The FIGS. 3 and 4 illustrate the suggested smoothing layer and show the layer scheme of two systems of the S -type having three high refractive layers 1, 3, 5 and 6, 8, 10, respectively, two low refractive layers 2, 4 and 7, 9, respectively, and low refractive outer media ll, 12 and 13, 14, respectively, of which the media 12 and 14 each have a border surface 15 and 16, respectively, touched by air. The upper portion of these FIGS. 3 and 4 shows also the reflection diagram which illustrates, as in FIG. 2, the dependency of the reflecting power R or R;,, respectively, in the regions of the secondary bands, which fall into the transmission range located in the visible region, from the phase angle 7. The FIGS. 3 and 4 differ from one another by the ratio of the optical thicknesses of the high refractive layers H and H' respectively, to the low refractive layers N and N' respectively, whereby FIG. 3 refers to the layer proportion while FIG. 4 illustrates the complementary type As known, the resulting reflecting power of the layer systems is obtained by adding the reflection vectors, which are effective at the border surfaces of the partial layers having the refractive index n and n respectively, to the amount of the Fresnel coefiicient The reflection vectors V V V V of FIG. 3, and V3, V V' V' of FIG. 4 pertaining to the mentioned secondary maxima show the following characteristics within the low refractive final layer: At a distance from the last high refractive layer 5 or 10, respectively, corresponding to one half optical thickness N/2 or N'2, respectively, of the low refractive partial layers 2 or 4, and 7 or 9, respectively, the phase angle of the vectors V V V V is 180, and the phase angle of the vectors V' V V;,, V is 360 or respectively.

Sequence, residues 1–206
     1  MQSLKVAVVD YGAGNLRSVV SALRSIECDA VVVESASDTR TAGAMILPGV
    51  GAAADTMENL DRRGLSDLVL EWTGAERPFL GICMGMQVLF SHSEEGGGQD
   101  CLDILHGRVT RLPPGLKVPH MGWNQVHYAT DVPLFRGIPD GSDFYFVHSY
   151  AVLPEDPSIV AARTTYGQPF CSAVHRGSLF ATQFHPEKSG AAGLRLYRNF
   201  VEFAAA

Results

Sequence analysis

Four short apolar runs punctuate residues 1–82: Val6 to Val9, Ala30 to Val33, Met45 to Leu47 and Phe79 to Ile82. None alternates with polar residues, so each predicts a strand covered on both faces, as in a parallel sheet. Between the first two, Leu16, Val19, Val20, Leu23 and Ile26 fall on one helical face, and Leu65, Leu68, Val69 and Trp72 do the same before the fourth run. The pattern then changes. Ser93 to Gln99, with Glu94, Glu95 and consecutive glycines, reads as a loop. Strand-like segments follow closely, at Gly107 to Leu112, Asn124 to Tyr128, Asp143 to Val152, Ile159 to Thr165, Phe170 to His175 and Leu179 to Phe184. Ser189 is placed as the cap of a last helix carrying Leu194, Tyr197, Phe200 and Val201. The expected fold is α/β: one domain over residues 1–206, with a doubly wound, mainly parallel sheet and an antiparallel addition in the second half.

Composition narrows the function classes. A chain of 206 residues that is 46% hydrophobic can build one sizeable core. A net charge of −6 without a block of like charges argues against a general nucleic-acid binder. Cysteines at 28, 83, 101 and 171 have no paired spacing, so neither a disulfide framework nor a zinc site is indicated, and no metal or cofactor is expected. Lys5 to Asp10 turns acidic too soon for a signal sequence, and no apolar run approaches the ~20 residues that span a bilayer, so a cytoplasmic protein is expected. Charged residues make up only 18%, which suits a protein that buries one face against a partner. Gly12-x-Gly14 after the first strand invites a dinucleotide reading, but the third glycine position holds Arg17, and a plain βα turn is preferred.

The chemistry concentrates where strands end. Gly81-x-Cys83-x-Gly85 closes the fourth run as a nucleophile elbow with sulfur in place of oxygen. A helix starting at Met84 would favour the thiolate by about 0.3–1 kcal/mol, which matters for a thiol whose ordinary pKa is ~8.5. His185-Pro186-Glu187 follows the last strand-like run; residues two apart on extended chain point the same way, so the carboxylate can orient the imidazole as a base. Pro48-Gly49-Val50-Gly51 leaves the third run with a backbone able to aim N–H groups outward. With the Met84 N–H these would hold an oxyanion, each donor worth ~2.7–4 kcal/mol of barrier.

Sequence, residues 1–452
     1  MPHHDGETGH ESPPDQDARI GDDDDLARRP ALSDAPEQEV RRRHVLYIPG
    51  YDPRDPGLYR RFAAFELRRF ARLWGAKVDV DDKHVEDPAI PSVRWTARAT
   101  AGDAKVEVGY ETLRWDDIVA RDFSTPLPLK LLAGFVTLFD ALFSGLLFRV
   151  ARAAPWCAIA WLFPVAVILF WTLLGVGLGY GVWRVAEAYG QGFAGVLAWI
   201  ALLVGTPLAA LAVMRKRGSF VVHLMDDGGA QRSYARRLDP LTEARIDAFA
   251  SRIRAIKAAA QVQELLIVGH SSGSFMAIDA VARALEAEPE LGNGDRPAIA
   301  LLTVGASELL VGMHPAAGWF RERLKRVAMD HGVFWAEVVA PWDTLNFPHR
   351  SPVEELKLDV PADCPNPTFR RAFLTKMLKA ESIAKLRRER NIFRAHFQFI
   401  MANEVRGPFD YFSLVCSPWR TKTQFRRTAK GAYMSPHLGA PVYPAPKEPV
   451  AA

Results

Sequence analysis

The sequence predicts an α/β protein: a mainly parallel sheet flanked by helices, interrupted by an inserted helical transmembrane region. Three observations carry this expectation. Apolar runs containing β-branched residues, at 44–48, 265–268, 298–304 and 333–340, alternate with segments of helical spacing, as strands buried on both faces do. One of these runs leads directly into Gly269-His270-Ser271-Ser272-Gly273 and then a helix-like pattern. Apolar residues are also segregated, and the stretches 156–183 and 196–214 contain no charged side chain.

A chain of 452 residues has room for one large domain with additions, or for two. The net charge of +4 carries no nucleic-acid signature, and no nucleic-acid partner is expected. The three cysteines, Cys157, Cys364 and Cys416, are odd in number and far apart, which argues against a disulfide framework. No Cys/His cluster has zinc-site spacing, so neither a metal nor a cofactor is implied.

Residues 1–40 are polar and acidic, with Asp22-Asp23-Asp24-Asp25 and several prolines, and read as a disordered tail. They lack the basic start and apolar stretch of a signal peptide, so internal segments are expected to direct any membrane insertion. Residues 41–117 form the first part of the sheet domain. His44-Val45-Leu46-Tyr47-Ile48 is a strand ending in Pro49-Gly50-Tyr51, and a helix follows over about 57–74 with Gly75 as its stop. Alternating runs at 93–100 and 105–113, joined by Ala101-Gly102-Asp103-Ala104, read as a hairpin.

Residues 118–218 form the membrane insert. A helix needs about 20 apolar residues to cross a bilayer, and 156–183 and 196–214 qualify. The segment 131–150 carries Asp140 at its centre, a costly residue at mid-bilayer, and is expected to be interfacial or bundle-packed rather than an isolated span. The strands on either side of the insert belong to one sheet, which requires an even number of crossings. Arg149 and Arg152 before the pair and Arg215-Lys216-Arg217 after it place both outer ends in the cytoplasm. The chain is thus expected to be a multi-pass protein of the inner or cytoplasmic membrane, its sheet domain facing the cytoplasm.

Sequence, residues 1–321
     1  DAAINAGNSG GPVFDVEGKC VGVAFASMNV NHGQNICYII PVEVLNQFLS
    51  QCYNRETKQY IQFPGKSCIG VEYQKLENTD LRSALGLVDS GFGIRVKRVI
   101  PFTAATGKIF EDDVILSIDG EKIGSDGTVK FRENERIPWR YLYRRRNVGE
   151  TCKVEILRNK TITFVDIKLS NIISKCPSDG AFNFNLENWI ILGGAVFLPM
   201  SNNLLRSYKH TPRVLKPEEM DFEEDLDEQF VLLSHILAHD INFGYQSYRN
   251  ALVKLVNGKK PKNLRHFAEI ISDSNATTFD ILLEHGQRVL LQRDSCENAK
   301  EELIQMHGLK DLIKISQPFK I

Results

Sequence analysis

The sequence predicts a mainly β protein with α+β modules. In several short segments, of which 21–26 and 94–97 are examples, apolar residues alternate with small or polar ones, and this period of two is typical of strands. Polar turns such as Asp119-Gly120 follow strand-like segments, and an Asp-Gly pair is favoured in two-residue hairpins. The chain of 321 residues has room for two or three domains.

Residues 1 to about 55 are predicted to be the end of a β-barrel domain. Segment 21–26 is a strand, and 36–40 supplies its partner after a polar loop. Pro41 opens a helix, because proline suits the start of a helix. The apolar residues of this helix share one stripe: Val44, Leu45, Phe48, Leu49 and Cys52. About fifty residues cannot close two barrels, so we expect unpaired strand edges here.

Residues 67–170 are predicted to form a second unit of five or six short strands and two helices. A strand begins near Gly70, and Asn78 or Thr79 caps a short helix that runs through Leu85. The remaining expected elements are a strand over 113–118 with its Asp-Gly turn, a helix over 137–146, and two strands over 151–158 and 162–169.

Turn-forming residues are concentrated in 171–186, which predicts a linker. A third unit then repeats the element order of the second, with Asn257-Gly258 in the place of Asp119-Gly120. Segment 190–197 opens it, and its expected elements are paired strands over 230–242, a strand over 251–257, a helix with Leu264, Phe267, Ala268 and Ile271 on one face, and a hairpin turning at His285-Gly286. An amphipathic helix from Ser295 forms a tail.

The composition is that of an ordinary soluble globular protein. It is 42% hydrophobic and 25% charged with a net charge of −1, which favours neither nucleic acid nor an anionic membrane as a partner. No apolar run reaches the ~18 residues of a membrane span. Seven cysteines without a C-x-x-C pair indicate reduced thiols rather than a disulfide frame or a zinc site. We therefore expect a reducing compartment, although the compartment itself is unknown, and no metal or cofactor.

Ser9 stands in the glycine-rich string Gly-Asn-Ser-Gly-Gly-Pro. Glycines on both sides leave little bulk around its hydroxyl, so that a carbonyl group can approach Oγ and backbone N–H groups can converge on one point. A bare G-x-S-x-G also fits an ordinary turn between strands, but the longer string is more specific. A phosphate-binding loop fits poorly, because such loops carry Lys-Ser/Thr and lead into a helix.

The border surfaces 15, 16 of the low refracting outer layers 12 and 14, respectively, touched by air, on the other hand cause the appearance of an additional reflection vector in the amount of n +l (9) which is equidirectional with the vectors V V but opposed to the vectors V Its size is sufficient to compensate the vectors V' V' For this purpose the invention provides for a shifting of the border surface 16 into the plane of the vectors V';, V',,, which means that in the layer system illustrated in FIG. 4 the secondary bands K' K' etc. are brought to disappearance to a suflicient extent when the low refractive outer surface has one half of the optical thickness of the low refractive partial layer or one quarter of the optical thickness of the high refractive partial layers. The complementary layer system according to FIG. 3 requires, however, a different dimensioning because the vectors V V etc. are equidirectional to the vectors. Since the phase angle of the resulting reflection vector changes when the distance from the last border surface is changed, the vector will be in the positions W W etc., and Z Z etc. respectively, which are favorable for the compensation when the low refractive outer surface has been given an optical thickness of about one quarter or three quarters, respectively, of the low refractive partial layers. The result shows that low refractive coating layers having an approximate optical thickness of N/4 or 3N/4, respectively, are qualified for smoothing the secondary bands in the system with the layer ratio H :N =l:2. For the system having the layer ratio H :N=2:1, however, coating layers of the optical thickness N/2 are favorable. Obviously, also other coating layers, such as known customary tempered layers, may be considered for this purpose, but the smoothing layers according to the invention distinguish themselves by their great simplicity.